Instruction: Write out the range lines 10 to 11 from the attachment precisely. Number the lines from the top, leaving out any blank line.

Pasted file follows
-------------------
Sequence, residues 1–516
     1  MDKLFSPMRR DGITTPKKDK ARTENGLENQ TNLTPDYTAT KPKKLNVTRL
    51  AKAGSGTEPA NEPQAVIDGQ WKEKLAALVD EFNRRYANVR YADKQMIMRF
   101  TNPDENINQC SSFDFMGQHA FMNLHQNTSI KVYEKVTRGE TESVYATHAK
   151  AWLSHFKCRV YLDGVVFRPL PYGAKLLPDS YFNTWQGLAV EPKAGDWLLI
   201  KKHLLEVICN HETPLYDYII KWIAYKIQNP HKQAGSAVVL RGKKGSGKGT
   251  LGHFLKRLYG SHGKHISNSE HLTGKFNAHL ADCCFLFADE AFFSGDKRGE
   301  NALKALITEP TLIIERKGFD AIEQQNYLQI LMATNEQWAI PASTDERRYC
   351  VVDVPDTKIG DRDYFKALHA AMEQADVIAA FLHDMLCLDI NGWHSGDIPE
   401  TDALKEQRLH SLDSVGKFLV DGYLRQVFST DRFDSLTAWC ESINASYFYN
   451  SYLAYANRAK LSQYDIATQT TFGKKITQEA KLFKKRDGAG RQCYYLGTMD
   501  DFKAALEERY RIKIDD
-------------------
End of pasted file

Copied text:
   401  TDALKEQRLH SLDSVGKFLV DGYLRQVFST DRFDSLTAWC ESINASYFYN
   451  SYLAYANRAK LSQYDIATQT TFGKKITQEA KLFKKRDGAG RQCYYLGTMD